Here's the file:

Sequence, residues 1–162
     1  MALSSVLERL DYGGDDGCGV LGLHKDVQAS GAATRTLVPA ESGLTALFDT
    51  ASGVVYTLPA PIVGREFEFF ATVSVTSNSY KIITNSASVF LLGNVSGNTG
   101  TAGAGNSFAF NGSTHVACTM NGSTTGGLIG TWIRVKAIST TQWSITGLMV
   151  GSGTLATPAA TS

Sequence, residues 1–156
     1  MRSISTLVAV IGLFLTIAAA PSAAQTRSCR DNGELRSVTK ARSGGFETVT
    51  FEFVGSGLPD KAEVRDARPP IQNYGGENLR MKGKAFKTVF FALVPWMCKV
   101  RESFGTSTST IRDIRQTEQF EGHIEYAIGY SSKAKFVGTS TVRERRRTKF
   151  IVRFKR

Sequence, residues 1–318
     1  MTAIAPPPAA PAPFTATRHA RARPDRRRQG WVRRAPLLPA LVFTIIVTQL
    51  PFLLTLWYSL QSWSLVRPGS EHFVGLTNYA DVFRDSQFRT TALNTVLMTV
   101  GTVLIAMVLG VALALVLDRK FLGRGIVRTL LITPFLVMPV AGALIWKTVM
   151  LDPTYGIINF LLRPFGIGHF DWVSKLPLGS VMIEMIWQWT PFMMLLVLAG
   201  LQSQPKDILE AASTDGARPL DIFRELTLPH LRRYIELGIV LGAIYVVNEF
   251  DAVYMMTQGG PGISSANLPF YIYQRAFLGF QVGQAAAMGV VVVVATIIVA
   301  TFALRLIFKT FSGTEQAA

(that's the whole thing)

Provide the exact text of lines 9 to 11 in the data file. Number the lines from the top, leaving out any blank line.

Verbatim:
   101  RESFGTSTST IRDIRQTEQF EGHIEYAIGY SSKAKFVGTS TVRERRRTKF
   151  IVRFKR

Sequence, residues 1–318